Critical Evaluation

First performed in 1605, Eastward Ho! is one of the most remarkably successful collaborative efforts in English literature. The talents of three considerably different playwrights—Ben Jonson, Thomas Marston, and George Chapman—went into its creation. Although Jonson and Marston had cooperated before (as well as having periods of intense, often bitter, competition), Eastward Ho! is Chapman’s only known collaboration with other dramatists. The almost seamless blend of the three writers’ different styles and concerns into a single, coherent play is an outstanding achievement.

The immediate impulse for the collaboration was to compete with the immense popular success of Westward Ho! (1604), a comedy of contemporary London life by Thomas Dekker and John Webster that was playing at a rival theater. Several commentators have suggested that a primary reason for the triple collaboration of Chapman, Jonson, and Marston was the need to produce a rival script as quickly as possible. It is likely that the three writers worked on different sections of the drama simultaneously, in order to expedite production.

Although it is impossible to assign definitively acts or scenes to any single one, or even a combination, of the three authors, linguistic and stylistic evidence strongly suggests that Jonson and Marston were largely responsible for the opening and closing sections of the play, where the language is sharper and more satirical, and that Chapman was the author of the middle section, including the major subplot involving Sir Petronel Flash’s relationship with Security, the old usurer, and his wife, Winifred. Despite its highly satirical vein, this middle section, critics have noted, has a more genial and accessible humor, characteristic of Chapman’s other dramas.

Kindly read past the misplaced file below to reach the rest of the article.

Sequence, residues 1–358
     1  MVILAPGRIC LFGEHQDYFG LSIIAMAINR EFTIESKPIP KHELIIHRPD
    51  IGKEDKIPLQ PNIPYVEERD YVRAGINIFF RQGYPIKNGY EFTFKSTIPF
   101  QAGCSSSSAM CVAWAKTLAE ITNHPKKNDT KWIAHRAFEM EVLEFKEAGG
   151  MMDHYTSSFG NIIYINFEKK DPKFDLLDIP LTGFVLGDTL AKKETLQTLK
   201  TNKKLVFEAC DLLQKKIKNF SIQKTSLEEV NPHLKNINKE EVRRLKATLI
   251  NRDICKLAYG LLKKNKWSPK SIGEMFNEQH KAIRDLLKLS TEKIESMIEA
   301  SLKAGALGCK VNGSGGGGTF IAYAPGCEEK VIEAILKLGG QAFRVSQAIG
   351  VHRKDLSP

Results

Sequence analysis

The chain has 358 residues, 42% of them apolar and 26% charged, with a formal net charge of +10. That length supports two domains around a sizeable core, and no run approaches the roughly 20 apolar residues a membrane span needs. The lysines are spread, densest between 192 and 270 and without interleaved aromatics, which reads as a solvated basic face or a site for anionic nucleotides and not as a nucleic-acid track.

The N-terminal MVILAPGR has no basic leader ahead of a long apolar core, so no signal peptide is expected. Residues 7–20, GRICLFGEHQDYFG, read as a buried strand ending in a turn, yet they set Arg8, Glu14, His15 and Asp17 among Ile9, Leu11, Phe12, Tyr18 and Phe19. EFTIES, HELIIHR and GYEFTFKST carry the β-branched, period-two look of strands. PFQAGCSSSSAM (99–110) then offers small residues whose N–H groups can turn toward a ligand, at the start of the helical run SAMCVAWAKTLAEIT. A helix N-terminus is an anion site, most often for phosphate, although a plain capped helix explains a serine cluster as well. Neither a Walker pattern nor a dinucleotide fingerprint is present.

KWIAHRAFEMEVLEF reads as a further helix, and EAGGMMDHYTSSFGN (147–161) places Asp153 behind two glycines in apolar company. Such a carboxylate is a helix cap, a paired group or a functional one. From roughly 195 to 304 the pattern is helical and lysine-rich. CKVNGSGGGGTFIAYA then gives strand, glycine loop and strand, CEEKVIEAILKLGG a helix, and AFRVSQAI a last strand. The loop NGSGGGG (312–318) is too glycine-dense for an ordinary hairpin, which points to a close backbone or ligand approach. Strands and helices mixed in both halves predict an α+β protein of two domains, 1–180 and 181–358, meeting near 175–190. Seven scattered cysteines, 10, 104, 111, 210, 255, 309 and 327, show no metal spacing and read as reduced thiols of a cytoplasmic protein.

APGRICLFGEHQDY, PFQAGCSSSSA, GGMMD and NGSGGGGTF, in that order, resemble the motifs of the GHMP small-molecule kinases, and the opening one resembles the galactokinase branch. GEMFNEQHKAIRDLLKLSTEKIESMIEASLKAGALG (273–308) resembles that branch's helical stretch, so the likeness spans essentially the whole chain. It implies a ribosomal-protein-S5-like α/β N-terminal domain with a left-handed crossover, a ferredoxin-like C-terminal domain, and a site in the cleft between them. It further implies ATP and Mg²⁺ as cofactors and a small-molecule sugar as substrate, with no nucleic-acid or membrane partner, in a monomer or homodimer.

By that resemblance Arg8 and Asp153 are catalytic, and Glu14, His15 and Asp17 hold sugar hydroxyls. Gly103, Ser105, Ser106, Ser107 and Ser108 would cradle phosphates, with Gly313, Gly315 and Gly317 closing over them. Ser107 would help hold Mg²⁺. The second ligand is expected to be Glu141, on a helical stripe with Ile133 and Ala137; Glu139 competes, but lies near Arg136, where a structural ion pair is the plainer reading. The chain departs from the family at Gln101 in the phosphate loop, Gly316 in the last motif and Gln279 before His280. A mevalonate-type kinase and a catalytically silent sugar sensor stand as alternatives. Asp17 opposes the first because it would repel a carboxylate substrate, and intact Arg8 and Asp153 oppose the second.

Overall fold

The play as a whole displays a remarkable unity and cohesion that is rarely found in a work by multiple authors. It has been conjectured that much of this unity is the result of an original plan, or outline, and a final revision, probably done either by Jonson himself or with his close supervision. Whatever the case, the play as finally written combines most of the strengths and few of the weaknesses of its three authors.

Eastward Ho! seeks to be a realistic comedy, with characters involved in entertaining but not totally implausible situations. The play’s setting was...

(The entire section is 985 words.)